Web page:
Crop and Weather Conditions
Weather plays a large role in planting and grain development, which, in turn, impacts final grain yield and quality. The principal weather factors include the amount of precipitation and the temperature just prior to and during the corn growing season. These weather factors interact with the corn variety and the soil fertility to power final grain yield and quality. Grain yield is a function of the number of plants per acre, the number of kernels per plant, and the weight of each kernel. Cold or wet weather at planting could reduce plant number, or hinder the plant growth, which may result in lower yields. At pollination time, higher than average temperatures or lack of rain typically reduces the number of kernels. Critical to the final grain quality is the weather conditions during the grain filling period in July and August. During this time, moderate rainfall and lower than average temperature, especially overnight temperature, promotes starch accumulation and increased yields. At the end of the growing season, drydown of the grain is dependent upon sunny, warm, days with low humidity. Conversely, early freezing before the grain has sufficiently dried leads to cracked, low quality grain.
During the 2011 corn growing season, planting and pollination were challenged by adverse weather conditions, which, in turn, impacted final grain yield and quality. Overall, the weather in 2011 involved poor conditions for pollination, which led to decreased kernel numbers per plant and lowered yields in all ECAs (See the “U.S. Corn Production, Usage and Outlook” section for information on yields.). However, the reduced amount of kernels available to be filled moderated the effects of the heat wave and drought in the Gulf and Pacific Northwest ECAs and led to grain with relatively high average test weights. The Gulf region produced the greatest yield, with some of the drought and heat tempered by the earlier rains. The Southern Rail region encountered weather conditions that resulted in the lowest yields, but the greatest protein concentrations and highest test weights. Conditions for field drying prior to harvest were generally favorable in all ECAs, as indicated by low average grain moisture contents.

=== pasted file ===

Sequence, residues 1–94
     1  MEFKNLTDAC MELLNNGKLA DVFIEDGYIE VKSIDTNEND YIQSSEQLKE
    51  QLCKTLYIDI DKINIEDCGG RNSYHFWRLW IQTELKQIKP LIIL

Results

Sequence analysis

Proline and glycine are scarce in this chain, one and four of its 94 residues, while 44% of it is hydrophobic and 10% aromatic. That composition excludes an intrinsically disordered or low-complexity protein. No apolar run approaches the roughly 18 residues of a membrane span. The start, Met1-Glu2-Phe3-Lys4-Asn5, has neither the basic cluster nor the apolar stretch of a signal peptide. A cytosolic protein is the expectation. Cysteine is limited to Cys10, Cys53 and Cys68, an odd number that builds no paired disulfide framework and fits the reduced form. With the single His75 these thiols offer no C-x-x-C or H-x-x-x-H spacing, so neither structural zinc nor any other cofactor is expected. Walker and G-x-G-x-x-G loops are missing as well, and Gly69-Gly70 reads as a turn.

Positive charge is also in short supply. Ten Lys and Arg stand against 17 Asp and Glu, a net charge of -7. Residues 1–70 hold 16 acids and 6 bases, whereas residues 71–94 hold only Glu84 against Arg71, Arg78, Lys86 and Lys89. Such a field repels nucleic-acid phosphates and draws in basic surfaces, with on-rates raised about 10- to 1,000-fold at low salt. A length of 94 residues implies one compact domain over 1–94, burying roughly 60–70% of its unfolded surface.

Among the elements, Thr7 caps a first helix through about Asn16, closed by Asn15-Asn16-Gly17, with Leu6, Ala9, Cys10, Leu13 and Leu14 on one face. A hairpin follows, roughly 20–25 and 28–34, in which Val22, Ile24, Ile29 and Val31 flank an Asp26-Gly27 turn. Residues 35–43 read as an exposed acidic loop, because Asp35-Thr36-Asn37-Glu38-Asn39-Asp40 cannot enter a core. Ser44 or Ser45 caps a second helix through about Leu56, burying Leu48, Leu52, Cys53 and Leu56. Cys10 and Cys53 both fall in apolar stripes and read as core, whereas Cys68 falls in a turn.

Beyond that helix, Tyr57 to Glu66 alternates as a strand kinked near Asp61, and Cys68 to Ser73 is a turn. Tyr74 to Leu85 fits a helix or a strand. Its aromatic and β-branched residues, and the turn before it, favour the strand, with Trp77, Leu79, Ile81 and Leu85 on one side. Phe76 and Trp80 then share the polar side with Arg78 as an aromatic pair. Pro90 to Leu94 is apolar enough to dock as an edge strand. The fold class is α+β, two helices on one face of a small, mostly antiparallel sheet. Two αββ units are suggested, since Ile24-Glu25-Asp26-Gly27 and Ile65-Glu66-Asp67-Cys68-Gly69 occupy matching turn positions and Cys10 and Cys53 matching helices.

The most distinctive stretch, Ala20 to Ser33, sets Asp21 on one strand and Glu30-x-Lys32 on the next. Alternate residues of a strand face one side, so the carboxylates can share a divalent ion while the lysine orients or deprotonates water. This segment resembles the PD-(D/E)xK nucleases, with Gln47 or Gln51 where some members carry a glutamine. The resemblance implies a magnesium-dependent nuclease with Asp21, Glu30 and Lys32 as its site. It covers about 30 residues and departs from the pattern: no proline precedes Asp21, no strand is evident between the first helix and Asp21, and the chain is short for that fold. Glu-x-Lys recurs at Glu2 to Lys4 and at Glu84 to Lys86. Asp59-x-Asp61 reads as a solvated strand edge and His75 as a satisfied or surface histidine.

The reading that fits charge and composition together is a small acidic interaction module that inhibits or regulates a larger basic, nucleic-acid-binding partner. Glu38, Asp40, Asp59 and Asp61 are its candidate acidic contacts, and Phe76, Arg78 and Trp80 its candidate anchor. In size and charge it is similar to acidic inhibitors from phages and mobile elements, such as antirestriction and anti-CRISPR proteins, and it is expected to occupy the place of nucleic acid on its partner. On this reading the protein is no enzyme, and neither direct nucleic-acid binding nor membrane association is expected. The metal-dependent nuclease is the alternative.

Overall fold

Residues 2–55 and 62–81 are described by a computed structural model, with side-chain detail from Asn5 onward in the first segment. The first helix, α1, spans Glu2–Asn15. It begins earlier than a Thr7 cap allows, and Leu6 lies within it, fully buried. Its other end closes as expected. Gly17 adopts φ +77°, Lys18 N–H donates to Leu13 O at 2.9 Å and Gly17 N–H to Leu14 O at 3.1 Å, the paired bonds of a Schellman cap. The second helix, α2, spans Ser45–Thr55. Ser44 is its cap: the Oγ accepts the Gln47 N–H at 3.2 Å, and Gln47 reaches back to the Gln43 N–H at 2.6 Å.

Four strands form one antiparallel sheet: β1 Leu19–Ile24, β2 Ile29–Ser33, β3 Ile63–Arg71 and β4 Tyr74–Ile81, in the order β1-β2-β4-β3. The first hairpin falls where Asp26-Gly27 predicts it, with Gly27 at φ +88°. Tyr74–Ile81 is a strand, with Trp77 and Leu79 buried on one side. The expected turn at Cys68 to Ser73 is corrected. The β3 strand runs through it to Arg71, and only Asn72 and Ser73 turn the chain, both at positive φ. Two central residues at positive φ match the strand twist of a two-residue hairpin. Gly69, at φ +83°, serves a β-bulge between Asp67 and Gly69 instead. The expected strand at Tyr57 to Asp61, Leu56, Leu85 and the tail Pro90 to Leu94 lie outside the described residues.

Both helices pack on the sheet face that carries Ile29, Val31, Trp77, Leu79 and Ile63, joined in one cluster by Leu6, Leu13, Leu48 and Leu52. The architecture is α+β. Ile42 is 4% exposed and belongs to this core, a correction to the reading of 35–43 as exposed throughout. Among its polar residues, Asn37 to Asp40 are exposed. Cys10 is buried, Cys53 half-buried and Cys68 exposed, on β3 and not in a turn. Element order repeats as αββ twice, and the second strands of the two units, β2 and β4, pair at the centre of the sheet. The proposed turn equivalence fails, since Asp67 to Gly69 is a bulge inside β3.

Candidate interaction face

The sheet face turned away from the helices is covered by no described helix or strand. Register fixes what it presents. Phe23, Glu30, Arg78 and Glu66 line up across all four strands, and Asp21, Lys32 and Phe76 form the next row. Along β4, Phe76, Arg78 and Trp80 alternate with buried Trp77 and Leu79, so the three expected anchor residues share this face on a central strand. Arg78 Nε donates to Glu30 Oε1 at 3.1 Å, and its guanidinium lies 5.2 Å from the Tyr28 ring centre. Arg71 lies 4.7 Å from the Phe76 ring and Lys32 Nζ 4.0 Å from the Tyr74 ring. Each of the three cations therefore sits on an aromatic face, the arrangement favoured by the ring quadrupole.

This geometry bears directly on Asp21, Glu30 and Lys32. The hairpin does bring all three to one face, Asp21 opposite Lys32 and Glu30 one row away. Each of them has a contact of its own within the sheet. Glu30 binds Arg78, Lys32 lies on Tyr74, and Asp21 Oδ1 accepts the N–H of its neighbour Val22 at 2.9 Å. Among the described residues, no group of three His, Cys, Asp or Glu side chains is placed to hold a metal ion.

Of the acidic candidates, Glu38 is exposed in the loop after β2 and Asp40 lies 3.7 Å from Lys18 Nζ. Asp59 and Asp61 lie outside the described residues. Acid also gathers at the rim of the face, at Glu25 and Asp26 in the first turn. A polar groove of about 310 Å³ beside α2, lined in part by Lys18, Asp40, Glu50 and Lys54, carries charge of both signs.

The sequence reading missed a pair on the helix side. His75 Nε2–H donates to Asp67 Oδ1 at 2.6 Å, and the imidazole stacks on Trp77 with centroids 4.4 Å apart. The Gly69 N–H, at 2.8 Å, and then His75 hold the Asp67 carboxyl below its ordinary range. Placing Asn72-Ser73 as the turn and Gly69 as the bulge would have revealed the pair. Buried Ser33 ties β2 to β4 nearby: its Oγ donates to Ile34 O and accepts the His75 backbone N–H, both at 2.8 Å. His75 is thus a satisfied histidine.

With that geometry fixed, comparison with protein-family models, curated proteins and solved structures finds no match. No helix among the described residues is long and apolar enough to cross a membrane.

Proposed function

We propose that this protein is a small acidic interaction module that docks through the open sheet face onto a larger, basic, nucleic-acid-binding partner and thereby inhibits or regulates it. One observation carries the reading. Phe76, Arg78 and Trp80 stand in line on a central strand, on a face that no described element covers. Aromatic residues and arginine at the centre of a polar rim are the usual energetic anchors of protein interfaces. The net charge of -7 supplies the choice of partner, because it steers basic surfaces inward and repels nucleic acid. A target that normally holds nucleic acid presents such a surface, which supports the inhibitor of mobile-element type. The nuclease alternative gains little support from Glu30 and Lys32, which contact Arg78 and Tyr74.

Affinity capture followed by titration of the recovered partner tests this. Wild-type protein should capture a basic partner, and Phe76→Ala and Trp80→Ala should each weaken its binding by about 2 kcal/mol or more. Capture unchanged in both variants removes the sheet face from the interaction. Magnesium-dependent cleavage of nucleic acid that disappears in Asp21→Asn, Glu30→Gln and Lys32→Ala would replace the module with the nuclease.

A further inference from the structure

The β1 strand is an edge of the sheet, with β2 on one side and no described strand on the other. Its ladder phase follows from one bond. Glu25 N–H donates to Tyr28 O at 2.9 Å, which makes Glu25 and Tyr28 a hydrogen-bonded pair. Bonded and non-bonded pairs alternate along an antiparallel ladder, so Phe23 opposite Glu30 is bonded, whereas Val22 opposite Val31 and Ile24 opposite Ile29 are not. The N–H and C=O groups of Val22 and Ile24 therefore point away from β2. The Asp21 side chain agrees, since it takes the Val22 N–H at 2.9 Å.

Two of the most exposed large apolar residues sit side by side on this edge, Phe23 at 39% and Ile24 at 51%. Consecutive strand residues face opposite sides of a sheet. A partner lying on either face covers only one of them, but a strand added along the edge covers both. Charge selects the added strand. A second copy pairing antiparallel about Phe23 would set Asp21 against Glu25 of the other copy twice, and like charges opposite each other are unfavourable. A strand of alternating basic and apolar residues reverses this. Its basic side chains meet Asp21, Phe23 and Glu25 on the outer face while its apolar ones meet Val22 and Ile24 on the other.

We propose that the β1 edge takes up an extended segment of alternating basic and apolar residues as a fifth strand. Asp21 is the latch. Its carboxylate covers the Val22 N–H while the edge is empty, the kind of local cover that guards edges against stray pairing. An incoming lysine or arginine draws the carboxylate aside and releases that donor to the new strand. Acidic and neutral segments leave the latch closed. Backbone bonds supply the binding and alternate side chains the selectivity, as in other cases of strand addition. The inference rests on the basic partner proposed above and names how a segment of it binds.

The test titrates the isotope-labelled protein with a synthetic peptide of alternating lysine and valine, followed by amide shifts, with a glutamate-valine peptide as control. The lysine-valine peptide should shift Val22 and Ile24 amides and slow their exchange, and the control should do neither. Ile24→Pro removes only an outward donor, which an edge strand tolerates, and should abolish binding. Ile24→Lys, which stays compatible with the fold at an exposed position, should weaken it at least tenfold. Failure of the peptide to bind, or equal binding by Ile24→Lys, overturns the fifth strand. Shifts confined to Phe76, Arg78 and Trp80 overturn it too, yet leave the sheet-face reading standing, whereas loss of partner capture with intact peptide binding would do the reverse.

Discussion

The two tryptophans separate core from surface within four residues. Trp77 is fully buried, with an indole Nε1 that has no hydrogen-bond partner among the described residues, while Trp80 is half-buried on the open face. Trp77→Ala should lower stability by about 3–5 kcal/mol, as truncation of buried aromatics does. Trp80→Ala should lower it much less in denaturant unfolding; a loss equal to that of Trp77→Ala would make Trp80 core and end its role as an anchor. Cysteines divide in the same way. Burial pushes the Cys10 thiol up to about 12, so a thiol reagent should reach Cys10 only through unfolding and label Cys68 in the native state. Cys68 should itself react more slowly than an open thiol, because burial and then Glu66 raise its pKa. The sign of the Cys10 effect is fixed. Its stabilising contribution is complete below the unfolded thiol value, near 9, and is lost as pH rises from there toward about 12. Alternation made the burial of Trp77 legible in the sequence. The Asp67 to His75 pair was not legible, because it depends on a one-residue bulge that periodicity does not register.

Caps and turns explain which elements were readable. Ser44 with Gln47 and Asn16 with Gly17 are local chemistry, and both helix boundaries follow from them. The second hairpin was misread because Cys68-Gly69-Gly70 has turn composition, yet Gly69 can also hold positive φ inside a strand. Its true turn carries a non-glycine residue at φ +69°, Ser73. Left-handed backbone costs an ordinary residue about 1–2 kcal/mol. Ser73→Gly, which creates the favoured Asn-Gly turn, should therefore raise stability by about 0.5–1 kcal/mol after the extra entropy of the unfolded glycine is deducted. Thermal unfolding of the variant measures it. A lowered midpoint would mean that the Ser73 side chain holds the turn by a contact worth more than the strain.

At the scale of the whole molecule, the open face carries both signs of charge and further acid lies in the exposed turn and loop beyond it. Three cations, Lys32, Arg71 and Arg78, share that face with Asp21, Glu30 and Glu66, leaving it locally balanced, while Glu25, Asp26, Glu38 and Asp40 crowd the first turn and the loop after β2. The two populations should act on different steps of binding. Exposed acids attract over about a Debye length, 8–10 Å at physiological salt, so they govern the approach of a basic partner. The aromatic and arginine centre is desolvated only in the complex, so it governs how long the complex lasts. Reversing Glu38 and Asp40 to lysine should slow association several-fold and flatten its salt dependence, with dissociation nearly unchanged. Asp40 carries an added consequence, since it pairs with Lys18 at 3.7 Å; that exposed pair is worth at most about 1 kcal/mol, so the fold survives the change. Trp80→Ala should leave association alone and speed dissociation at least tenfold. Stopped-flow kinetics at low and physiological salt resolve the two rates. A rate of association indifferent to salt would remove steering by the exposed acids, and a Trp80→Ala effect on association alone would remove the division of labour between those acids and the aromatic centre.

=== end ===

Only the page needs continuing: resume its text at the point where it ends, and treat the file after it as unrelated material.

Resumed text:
The following discussion describes in more detail how precipitation and temperature impacted the 2011 corn planting season, and how the weather events affected pollination and the remainder of the growing season.
Just prior to, and during planting, the Ohio Valley and the Midwest (the Gulf and Pacific Northwest ECAs) experienced greater than average precipitation, with major flooding along the Ohio and Mississippi Rivers. In contrast, the Southern Rail ECA received below.
Also during this time, the upper Midwest experienced much cooler than normal temperatures. The combination of cool and wet weather delayed planting by an average of one week throughout the U.S. Typically, only 25% of the corn crop is planted after May 15, based on the 2006-2010 average as shown in the table below. However, in 2011, 37% of the corn remained to be planted. As a result, a higher proportion of the corn crop was planted later than what is considered optimum for yield. Delayed planting is generally associated with lower yields and often with poorer grain quality.
Just before pollination time, on July 11, 2011, there was a large windstorm which is estimated to have had straight line winds of up to 105 mph in a swath approximately 20 miles wide. This storm, called a derecho, affected six states, and travelled between central Iowa to Detroit, Michigan, a distance of 550 miles in the Gulf ECA. Afterwards, there was an unusual occurrence of the majority of these flattened plants lifting back up on their own after a few days. Areas impacted by these severe winds would potentially have lower yield and quality.
The major weather factor observed during the growing season was persistent, scorching heat in the central and eastern regions of the U.S. in July, primarily the Gulf and Southern Rail ECAs as shown in the map of July 2011 Divisional Ranks. The heat wave shattered long-standing daily and monthly temperature records, making it the fourth warmest July on recor nationally, according to scientists at NOAA’s National Climatic Data Center. The heat exacerbated drought conditions, resulting in the largest “exceptional” drought footprint in the 12-year history of the U.S. Drought Monitor. The heat wave came at the prime pollination time and impeded pollination and seed set.